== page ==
The pain management doctor told me to hope that a few more injections will help calm the nerve down. But it isn’t something that is ever going to go away. I will always have issues with aggravation of those facet joints because the disk has degenerated to that point. Unfortunately, the problem has existed for 15 months now and the nerve damage may be permanent. I’ll know more Friday…
However, I’m beginning to agree with my GP. It appears that Dr. X does not believe people as young as 36 can damage their spines or even have arthritis (which I have in both hips and my SI joints, fun stuff). He decided early on that the problem was poor muscle development in my back and the legs were unrelated. Which is why I did physical therapy and why physical therapy didn’t actually stop the pain. His own notes though say he suspected I had nerve damage and problems with the facet joint, specifically on the right side. He even mentions that at several of my appointments, I specifically pointed to a spot just to the right of my spine above my SI Joints and he could press on it and cause me pain, indicating that the facet joint and nerve root on that side were damaged. Then there was a side note: patient indicates that she experiences pain during intimate activities that was relieved with the SI joint injections, which is unlikely and she is therefore imagining the injections were effective. Conclusion: leg pain is caused by vascular problem and pelvic pain is caused by age. No mention of the arthritis in my SI joints which is clearly visible on a freakin’ X-Ray and never once mentioned to me, but would in fact be helped by steroid injections into my SI Joints and could indeed cause pain during intimate physical activities.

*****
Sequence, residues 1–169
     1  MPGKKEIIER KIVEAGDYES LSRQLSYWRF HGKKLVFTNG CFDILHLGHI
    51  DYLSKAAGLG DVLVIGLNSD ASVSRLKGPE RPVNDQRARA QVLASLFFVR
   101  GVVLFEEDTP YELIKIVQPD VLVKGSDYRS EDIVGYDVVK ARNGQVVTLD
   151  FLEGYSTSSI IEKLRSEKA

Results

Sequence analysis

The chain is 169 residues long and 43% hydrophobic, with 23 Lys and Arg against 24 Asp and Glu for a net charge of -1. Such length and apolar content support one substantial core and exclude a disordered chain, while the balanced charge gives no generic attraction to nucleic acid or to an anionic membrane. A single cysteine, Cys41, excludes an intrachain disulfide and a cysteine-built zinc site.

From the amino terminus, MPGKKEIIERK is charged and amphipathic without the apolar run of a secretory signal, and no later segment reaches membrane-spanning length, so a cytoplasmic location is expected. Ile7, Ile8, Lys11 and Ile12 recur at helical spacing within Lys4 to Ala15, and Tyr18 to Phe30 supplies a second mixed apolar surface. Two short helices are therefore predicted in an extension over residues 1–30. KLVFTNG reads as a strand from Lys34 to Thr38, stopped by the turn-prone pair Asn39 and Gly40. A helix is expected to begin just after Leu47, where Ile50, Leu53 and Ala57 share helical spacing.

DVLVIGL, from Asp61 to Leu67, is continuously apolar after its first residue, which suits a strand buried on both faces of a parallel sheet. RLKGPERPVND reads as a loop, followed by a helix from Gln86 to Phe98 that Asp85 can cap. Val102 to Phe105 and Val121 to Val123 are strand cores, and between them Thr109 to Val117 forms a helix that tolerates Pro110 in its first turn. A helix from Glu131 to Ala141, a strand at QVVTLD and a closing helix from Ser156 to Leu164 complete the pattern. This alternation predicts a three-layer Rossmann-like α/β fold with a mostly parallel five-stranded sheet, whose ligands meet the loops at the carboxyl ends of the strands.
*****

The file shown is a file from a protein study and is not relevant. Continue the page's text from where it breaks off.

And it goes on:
So I spent a couple of weeks convincing myself that I was crazy and the pain in my back and legs are unrelated and possibly imaginary. Thankfully, my GP doesn’t believe I’m crazy and looked at my X-Rays. He’s the one that informed me I had arthritis in them. He then asked me if I had told Dr. X that I was born with both hips out of socket and it wasn’t discovered until I was six weeks old. I had and he told me I wouldn’t suffer any ill effects from it. However, my GP said this is actually considered a “trauma incident” especially at that age. My hips being out of socket, even though I wasn’t walking or even crawling yet, would put pressure on my still forming pelvis and specifically on the SI joints. And where Dr. X said he saw no indication of a “traumatic effects” from it. The arthritis specialist that consulted with my GP before he decided to send me to a pain management doctor said he say blatant evidence of “trauma” to both my hips and SI joints that he would attribute to having hip dislocation, especially at a physical development stage like the first year of my life.